After the class, I had to go and have bloodwork done. They signed me in, took my weight, I started at 323 but when they weighed me that last time I was only 307. I was like yasssssssssss! Anyway, They were taking my blood, and the lady next to me (who was also in the class for the sleeve) was having severe caffeine and food withdrawal. She almost passed out she was that bad off. Made me glad I cut back on the caffeine a week before I started the liquid diet. After my blood was drawn, I visited another nurse who entered my information into the system for my surgery. I was to be there September 30, 2015 at 7:30 am, my surgery was at 9:30.

These are preop and post op foods that I ate.

 

Process, part 4

I went back for the second part of the sleep study and they attached me to all the wires again but this time the tech brought in a sleep apnea machine called a CPAP for me to use. The sleep doctor thought that I didn’t need a CPAP mask for my nose and mouth, and recommended a nasal only. The CPAP mask attached to a tube that was connected to a machine which forced air down my throat. After this visit they sent me home with my own CPAP to use. It was hard to get used to because I like to sleep on my side and stomach. It’s difficult to get comfortable sleeping with the mask on when you are used to sleeping in any position that isn’t on your back. hard with a cpap to sleep how i am used to sleeping. After a week of wearing it every night I started to get used to it and it did help me sleep better. I didn’t feel as tired like I did when I was waking up a hundred times a night.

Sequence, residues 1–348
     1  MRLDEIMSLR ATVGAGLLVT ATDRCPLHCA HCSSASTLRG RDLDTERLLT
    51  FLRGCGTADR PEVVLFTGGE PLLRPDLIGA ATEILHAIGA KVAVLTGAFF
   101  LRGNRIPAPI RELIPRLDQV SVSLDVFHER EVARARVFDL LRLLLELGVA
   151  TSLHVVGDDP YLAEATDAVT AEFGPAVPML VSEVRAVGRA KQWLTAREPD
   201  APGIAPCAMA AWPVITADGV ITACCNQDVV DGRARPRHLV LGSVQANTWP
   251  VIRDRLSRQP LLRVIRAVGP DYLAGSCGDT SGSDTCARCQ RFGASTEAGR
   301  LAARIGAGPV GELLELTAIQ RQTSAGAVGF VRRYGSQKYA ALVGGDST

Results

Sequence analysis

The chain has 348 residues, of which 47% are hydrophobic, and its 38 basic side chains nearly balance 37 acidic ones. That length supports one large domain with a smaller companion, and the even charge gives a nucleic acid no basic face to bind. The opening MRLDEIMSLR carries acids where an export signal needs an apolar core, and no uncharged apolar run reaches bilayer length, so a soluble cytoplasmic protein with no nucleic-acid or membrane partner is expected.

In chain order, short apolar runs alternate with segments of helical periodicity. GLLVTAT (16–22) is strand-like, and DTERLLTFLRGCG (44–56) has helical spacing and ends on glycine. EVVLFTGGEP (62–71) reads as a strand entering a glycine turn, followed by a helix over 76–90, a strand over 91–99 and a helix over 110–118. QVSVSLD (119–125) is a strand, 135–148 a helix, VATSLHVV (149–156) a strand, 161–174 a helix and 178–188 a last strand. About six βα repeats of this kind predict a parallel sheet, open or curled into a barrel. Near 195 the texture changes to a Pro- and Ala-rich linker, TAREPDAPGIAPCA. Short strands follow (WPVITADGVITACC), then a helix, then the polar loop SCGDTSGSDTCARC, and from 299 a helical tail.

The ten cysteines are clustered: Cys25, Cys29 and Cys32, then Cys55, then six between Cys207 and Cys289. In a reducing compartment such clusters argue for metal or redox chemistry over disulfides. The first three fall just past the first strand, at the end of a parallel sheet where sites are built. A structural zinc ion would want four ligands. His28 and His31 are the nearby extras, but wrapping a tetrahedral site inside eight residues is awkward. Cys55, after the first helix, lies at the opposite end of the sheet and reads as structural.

Month seven comes and goes. I’ve completed all the required steps and turned in all the paperwork. Now it’s a waiting game to see if my surgery will be approved. My advocate Sunny sends everything off to the insurance company for review and told me that it could take a month to receive a confirmation that they were paying for it. Once it was confirmed she would call to schedule a time for my food class and surgery. At this point in time I met my now husband, Scott, and I didn’t waste any time telling him I was having the surgery. I was actually surprised he was interested in a relationship after I told him because my life was a hot mess but he became my hero. Scott was there for me through the hardest parts.

Well another month goes by, and I still haven’t heard from Dr. Schmitt’s office. I waited another week and then I called them. Sunny said she hadn’t heard anything but would check on it and call me back. Just my luck, she calls back and has bad news. My insurance apparently never received all of the paperwork that was sent. I did my part but I was mad and tired of waiting to have it approved. A couple more weeks go by and I get a letter from insurance saying sorry but we’ve denied the surgery. I called Dr. Schmitt’s office after crying my eyes out. Sunny said this is something that insurance companies do but she was still continue working to get it approved. That made me feel some what better and I waited again.

I am still not sure why insurance sent me that letter telling me that they weren’t paying for it because Sunny worked her magic and three weeks after that first letter, I received another saying that my surgery has been approved! Less than a day later I got a call to schedule my nutrition class and surgery. The nutrition class is required and usually scheduled a month before the surgery to give you info on how and what to eat before and after the surgery. They also walk you through the type of procedure that was selected.

At this point, I was excited. Scared and excited. My surgery was scheduled for September 30th 2015, the date that would change my life.

The process. part 3